The curious thing is that among those celebrating the prominence of these two Darwinians on both sides of the Atlantic is an unexpected constituency - the American creationist/intelligent-design lobby. Huh? Dawkins, in particular, has become their top pin-up.
How so? William Dembski (one of the leading lights of the US intelligent-design lobby) put it like this in an email to Dawkins: "I know that you personally don't believe in God, but I want to thank you for being such a wonderful foil for theism and for intelligent design more generally. In fact, I regularly tell my colleagues that you and your work are one of God's greatest gifts to the intelligent-design movement. So please, keep at it!"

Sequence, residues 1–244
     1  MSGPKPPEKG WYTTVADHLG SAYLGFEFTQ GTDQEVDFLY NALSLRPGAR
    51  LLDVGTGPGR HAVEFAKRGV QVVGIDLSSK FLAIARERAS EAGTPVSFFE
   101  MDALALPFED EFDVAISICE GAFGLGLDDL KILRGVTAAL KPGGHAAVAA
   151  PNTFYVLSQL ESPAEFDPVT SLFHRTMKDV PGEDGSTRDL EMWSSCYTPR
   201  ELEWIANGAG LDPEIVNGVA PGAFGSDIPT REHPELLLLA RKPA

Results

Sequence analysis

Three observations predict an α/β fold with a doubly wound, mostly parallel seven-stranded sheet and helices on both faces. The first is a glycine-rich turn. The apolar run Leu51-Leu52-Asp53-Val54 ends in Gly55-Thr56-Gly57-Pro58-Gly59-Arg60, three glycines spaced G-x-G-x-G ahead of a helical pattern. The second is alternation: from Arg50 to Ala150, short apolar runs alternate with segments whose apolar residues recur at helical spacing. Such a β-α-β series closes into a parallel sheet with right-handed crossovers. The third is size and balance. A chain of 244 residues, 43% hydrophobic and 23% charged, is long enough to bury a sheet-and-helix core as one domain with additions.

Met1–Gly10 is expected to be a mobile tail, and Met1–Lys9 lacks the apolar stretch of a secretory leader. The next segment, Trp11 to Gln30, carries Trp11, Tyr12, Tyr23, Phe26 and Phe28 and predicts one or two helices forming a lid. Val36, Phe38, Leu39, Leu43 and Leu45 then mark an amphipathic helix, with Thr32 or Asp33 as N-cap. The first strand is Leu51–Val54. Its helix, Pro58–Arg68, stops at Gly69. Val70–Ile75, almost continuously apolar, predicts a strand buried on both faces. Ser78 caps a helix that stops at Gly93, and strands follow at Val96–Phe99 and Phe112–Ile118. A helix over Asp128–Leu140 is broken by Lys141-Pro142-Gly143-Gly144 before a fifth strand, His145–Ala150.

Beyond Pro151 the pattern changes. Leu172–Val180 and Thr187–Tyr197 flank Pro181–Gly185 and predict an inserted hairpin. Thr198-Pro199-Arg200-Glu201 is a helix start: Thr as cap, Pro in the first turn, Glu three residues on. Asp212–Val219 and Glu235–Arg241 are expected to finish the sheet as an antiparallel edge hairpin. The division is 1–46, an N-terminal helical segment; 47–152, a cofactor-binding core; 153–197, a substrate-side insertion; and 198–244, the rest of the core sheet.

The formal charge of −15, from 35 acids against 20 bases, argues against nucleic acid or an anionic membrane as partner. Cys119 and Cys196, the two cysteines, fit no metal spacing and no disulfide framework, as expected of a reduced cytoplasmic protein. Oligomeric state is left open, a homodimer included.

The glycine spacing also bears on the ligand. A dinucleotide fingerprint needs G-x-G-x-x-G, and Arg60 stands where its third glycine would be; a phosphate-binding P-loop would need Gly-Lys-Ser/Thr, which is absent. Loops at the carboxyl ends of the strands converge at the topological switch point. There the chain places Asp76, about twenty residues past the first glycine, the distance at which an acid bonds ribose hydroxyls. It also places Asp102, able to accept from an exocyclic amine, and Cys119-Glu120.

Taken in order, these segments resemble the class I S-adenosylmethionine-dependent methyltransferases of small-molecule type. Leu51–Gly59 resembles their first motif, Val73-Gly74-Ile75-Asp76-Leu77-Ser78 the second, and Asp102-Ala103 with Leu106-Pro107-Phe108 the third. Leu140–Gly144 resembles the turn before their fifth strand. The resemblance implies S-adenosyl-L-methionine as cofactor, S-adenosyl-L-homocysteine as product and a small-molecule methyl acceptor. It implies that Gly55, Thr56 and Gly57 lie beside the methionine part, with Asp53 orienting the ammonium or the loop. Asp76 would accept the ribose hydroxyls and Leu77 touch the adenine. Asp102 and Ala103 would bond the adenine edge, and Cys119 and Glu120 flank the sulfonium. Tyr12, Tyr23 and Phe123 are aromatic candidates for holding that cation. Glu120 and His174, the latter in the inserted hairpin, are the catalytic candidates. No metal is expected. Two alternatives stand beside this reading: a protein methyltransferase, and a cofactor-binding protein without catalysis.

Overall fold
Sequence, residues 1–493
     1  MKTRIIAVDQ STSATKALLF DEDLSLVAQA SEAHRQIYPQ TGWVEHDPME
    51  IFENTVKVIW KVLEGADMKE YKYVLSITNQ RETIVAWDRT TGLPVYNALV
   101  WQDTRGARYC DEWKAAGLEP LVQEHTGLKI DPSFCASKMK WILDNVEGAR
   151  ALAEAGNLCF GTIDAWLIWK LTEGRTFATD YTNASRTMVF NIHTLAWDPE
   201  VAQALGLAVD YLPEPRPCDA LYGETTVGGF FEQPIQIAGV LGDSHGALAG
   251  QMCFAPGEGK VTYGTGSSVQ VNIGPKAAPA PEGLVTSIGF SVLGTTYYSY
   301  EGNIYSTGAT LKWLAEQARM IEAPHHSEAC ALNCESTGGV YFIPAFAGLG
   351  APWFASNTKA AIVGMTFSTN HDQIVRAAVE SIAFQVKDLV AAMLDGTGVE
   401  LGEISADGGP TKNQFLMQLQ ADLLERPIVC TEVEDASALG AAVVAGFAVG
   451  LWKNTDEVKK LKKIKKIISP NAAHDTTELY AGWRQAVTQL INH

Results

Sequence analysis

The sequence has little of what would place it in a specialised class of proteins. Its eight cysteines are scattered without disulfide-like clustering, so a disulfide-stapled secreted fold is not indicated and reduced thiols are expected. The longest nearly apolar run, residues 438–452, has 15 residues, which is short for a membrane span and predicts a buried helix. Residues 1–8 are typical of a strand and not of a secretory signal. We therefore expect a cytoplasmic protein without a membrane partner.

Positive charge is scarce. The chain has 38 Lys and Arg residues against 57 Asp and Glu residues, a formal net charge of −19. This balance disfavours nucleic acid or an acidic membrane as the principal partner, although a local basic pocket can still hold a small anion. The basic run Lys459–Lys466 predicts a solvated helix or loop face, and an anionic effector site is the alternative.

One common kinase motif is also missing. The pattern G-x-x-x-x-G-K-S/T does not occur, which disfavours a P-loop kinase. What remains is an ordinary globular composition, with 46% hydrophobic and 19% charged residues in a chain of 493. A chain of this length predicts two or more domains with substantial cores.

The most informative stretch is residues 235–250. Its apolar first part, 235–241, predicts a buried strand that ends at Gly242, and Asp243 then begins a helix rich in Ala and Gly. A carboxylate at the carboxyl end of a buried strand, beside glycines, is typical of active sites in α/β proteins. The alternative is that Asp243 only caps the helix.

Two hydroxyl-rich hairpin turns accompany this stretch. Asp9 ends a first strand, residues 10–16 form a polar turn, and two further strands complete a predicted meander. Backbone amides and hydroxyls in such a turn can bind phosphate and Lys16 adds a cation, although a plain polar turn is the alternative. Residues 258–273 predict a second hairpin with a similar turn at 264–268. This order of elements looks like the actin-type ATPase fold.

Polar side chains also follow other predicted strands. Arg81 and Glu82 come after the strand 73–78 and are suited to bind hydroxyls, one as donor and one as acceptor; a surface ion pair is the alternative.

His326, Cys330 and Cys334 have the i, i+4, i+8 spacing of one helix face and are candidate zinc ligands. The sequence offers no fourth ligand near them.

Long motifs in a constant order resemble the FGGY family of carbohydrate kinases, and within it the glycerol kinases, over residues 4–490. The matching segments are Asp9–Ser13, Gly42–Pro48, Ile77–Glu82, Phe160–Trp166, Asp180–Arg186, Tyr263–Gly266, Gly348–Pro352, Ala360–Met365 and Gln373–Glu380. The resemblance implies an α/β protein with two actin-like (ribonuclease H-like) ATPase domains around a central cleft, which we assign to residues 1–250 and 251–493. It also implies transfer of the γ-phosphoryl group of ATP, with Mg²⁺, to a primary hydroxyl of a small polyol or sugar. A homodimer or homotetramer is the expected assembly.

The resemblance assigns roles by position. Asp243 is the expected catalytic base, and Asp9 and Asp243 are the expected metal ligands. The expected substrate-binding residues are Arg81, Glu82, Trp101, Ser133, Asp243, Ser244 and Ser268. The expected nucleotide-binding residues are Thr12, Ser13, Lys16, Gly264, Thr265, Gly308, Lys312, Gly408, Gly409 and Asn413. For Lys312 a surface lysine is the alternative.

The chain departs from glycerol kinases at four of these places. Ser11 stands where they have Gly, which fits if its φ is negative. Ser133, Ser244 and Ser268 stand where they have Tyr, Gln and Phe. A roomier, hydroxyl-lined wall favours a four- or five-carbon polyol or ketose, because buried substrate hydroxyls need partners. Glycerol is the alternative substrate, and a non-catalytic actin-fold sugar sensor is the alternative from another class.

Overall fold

But while Dembski, Dawkins and Dennett are sipping the champagne for their very different reasons, there is a party pooper. Michael Ruse, a prominent Darwinian philosopher (and an agnostic) based in the US, with a string of books on the subject, is exasperated: "Dawkins and Dennett are really dangerous, both at a moral and a legal level." The nub of Ruse's argument is that Darwinism does not lead ineluctably to atheism, and to claim that it does (as Dawkins does) provides the intelligent-design lobby with a legal loophole: "If Darwinism equals atheism then it can't be taught in US schools because of the constitutional separation of church and state. It gives the creationists a legal case. Dawkins and Dennett are handing these people a major tool."